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Free State Tax Efile

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Free State Tax Efile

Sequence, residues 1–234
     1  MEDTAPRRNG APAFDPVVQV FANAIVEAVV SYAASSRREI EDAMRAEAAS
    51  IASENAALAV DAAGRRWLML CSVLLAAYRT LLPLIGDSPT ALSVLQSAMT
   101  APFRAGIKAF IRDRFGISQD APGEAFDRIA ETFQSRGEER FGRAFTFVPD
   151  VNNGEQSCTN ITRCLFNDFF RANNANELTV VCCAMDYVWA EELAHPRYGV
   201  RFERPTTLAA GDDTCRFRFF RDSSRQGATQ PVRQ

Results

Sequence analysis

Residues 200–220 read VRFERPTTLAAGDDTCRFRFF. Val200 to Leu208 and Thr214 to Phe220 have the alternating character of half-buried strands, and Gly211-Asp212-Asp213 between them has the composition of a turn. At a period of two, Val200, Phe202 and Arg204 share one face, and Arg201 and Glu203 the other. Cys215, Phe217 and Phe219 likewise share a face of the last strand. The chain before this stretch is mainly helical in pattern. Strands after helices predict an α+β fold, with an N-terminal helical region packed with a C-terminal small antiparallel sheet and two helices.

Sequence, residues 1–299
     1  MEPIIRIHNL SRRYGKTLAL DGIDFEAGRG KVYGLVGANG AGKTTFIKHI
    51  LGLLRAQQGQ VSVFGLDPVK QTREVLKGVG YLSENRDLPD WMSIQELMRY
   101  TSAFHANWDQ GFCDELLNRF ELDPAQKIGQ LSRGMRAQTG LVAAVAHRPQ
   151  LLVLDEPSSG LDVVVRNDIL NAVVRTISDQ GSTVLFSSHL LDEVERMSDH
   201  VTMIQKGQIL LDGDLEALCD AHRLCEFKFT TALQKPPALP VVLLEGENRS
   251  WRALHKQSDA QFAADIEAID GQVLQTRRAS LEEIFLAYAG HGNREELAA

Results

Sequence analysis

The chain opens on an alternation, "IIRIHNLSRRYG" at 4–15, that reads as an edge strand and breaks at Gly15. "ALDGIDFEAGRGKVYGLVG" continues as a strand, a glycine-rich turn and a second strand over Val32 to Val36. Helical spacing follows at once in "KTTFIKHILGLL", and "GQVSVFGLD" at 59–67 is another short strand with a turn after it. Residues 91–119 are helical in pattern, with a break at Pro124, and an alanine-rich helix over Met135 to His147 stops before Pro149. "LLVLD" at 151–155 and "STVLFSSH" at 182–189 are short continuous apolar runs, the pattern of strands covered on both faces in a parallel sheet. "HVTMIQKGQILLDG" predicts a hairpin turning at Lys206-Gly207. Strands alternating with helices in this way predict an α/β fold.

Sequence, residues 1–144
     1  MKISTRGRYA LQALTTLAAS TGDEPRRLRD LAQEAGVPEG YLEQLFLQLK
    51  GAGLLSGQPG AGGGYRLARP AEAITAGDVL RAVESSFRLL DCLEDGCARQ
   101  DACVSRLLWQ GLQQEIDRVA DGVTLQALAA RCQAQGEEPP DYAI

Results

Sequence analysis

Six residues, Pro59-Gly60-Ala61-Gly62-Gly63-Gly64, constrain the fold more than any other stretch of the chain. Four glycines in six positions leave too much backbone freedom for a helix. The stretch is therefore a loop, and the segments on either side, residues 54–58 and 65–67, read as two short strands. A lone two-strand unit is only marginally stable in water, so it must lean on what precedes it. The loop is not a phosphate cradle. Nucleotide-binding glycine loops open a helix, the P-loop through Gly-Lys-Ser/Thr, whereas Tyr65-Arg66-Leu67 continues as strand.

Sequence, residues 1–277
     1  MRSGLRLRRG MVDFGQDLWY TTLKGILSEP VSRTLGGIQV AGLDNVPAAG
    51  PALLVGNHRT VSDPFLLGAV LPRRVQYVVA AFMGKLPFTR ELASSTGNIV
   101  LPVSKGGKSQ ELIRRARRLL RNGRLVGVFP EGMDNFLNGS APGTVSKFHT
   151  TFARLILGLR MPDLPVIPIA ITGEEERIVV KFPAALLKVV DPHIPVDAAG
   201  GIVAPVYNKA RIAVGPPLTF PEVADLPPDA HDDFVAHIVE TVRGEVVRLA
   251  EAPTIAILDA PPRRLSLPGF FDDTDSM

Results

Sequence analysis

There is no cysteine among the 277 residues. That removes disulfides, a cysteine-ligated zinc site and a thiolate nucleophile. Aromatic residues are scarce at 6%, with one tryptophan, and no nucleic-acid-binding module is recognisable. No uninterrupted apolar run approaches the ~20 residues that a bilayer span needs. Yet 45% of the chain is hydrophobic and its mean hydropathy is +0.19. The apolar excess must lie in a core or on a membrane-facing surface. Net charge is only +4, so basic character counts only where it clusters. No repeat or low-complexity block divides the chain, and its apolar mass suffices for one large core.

Free state tax efile It is critical that business owners correctly determine whether the individuals providing services are employees or independent contractors. Free state tax efile Generally, you must withhold income taxes, withhold and pay Social Security and Medicare taxes, and pay unemployment tax on wages paid to an employee. You do not generally have to withhold or pay any taxes on payments to independent contractors. Free state tax efile Select the Scenario that Applies to You: Free state tax efile I am an independent contractor or in business for myself Free state tax efile If you are a business owner or contractor who provides services to other businesses, then you are generally considered self-employed. For more information on your tax obligations if you are self-employed (an independent contractor), see our Self-Employed Tax Center. Free state tax efile I hire or contract with individuals to provide services to my business Free state tax efile If you are a business owner hiring or contracting with other individuals to provide services, you must determine whether the individuals providing services are employees or independent contractors. Follow the rest of this page to find out more about this topic and what your responsibilities are. Free state tax efile Determining Whether the Individuals Providing Services are Employees or Independent Contractors Free state tax efile Before you can determine how to treat payments you make for services, you must first know the business relationship that exists between you and the person performing the services. The person performing the services may be - Free state tax efile An independent contractor Free state tax efile An employee (common-law employee) Free state tax efile A statutory employee Free state tax efile A statutory nonemployee Free state tax efile In determining whether the person providing service is an employee or an independent contractor, all information that provides evidence of the degree of control and independence must be considered. Free state tax efile Common Law Rules Free state tax efile Facts that provide evidence of the degree of control and independence fall into three categories: Free state tax efile Behavioral: Does the company control or have the right to control what the worker does and how the worker does his or her job? Free state tax efile Financial: Are the business aspects of the worker’s job controlled by the payer? (these include things like how worker is paid, whether expenses are reimbursed, who provides tools/supplies, etc.) Free state tax efile Type of Relationship: Are there written contracts or employee type benefits (i.e. pension plan, insurance, vacation pay, etc.)? Will the relationship continue and is the work performed a key aspect of the business? Free state tax efile Businesses must weigh all these factors when determining whether a worker is an employee or independent contractor. Some factors may indicate that the worker is an employee, while other factors indicate that the worker is an independent contractor. There is no “magic” or set number of factors that “makes” the worker an employee or an independent contractor, and no one factor stands alone in making this determination. Also, factors which are relevant in one situation may not be relevant in another. Free state tax efile The keys are to look at the entire relationship, consider the degree or extent of the right to direct and control, and finally, to document each of the factors used in coming up with the determination. Free state tax efile Form SS-8 Free state tax efile If, after reviewing the three categories of evidence, it is still unclear whether a worker is an employee or an independent contractor, Form SS-8, Determination of Worker Status for Purposes of Federal Employment Taxes and Income Tax Withholding (PDF) can be filed with the IRS. The form may be filed by either the business or the worker. The IRS will review the facts and circumstances and officially determine the worker’s status. Free state tax efile Be aware that it can take at least six months to get a determination, but a business that continually hires the same types of workers to perform particular services may want to consider filing the Form SS-8 (PDF).